Lecturer: Dr Valentin Rodionov
Location: Faculty Seminar Room
Nature’s enzymes are extremely efficient catalysts. Their remarkable properties result from precise preorganization of the local environment and functional groups around the catalytic sites, and close participation of metal ions, prosthetic groups and cofactors. Enzyme-inspired nanoscale catalysts, including dendrimers, functional polymers, and supramolecular assemblies, have been the subject of intensive investigation. Like enzymes, many of these chemist-designed catalysts feature spatially pre-organized functional groups, hydrophobic interiors/hydrophilic exteriors, and catalytic sites isolated from the bulk solvent.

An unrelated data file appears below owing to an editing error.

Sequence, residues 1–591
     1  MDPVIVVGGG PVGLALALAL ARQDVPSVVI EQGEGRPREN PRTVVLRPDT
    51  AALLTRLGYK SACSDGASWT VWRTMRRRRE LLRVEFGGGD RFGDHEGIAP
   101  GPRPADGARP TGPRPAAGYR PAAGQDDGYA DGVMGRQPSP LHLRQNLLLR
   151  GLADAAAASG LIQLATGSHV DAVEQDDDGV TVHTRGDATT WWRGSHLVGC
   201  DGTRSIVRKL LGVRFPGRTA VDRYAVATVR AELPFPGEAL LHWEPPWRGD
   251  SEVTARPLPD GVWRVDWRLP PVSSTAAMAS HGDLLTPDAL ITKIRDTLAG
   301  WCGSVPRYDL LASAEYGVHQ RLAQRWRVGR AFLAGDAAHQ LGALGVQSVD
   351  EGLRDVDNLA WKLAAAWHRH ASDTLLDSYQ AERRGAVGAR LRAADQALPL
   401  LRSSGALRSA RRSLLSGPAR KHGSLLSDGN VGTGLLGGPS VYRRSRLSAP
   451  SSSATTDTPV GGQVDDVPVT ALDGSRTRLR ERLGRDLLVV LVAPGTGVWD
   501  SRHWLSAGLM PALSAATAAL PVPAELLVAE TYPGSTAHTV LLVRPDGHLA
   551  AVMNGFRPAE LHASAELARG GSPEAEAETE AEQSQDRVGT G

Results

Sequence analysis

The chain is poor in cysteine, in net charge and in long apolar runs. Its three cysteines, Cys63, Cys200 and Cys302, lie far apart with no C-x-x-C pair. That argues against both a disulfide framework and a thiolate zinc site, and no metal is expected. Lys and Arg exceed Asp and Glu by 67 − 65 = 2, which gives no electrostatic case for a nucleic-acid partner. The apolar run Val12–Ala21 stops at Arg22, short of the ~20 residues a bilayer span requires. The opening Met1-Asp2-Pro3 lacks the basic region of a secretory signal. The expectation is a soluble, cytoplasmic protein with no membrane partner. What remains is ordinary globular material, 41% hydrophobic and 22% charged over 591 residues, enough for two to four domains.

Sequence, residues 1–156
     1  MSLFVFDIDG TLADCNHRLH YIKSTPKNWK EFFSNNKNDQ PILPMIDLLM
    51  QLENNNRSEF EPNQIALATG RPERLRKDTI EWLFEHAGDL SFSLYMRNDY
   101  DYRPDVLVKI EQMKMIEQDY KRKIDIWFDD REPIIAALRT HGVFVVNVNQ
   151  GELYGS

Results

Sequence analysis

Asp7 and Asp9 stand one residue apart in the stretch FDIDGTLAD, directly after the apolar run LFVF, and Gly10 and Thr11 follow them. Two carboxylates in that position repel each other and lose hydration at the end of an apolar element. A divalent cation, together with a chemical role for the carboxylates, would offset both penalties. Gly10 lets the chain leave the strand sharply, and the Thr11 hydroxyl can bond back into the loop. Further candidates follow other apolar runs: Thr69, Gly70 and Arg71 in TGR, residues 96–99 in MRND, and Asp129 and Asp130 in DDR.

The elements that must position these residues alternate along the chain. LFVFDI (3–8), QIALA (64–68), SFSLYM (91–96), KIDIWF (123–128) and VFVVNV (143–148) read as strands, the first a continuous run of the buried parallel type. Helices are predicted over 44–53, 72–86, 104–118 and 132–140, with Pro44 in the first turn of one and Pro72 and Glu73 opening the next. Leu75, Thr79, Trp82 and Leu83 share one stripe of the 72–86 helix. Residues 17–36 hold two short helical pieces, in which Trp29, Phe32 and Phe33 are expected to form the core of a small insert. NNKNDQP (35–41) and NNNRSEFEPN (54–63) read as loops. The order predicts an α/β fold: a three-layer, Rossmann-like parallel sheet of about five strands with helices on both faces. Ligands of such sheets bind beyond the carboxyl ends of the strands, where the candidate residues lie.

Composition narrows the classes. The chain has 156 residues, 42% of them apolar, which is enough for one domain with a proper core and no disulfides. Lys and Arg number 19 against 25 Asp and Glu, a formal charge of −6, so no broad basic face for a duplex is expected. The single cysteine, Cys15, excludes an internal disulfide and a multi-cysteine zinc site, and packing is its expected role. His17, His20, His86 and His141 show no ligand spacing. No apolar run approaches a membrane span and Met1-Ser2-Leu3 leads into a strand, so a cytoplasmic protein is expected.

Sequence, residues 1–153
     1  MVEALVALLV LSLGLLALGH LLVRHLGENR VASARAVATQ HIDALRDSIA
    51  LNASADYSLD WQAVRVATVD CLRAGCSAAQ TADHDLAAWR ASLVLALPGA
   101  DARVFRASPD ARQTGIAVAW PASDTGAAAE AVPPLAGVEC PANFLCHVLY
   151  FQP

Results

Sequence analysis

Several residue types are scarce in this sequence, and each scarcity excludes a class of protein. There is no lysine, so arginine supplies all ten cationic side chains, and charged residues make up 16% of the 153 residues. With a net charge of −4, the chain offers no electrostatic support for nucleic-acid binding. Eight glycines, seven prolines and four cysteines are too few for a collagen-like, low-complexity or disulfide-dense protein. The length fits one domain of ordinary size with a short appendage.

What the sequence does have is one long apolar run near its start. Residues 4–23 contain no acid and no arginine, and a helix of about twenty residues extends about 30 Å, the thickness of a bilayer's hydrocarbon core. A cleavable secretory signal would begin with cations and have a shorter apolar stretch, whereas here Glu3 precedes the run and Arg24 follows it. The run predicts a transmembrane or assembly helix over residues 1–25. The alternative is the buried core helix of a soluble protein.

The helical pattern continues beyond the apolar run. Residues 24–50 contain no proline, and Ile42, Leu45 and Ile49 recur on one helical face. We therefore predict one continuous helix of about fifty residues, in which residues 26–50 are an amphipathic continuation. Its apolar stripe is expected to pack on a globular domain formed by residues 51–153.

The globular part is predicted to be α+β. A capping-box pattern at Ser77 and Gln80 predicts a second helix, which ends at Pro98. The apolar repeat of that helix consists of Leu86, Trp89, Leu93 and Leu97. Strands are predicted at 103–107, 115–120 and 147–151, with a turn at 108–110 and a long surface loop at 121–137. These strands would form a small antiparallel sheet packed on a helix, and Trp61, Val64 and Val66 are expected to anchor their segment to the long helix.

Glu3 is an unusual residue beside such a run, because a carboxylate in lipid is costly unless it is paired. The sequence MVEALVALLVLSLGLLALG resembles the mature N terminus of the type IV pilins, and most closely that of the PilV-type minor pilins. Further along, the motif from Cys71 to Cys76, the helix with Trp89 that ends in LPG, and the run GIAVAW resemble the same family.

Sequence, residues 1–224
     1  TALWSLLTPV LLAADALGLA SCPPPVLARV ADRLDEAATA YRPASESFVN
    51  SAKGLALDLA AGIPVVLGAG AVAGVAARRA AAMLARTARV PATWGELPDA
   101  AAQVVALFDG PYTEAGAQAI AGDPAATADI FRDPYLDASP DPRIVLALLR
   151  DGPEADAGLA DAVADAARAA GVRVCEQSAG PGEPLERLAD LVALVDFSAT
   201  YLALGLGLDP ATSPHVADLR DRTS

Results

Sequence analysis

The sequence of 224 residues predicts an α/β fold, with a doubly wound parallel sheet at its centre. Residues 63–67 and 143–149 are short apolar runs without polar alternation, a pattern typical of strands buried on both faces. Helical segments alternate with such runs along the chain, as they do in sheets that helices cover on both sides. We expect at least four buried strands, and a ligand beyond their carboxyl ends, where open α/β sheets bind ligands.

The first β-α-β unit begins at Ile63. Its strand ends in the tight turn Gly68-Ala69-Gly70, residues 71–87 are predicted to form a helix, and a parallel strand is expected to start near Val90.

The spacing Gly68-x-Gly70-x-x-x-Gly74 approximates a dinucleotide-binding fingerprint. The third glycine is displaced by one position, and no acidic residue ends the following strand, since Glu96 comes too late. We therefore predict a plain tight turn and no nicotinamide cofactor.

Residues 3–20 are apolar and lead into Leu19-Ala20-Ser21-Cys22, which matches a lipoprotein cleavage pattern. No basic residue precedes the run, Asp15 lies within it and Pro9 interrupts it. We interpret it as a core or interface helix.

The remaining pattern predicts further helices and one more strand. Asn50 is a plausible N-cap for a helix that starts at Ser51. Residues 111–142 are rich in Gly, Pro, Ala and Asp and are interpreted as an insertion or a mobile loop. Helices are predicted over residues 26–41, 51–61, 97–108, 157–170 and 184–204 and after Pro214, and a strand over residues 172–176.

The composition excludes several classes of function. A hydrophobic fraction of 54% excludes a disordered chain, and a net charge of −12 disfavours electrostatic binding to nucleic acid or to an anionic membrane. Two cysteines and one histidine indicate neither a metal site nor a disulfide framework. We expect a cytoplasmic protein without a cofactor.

Micelles and emulsion droplets are some of the simplest and most versatile systems of this kind. In this presentation, I shall discuss several examples enzyme-inspired macromolecules and functional surfactants, both organocatalytic and bearing metal catalytic sites, described recently by our group. The catalytic activities and properties of such systems are often unattainable with small-molecule versions of the same catalytic moieties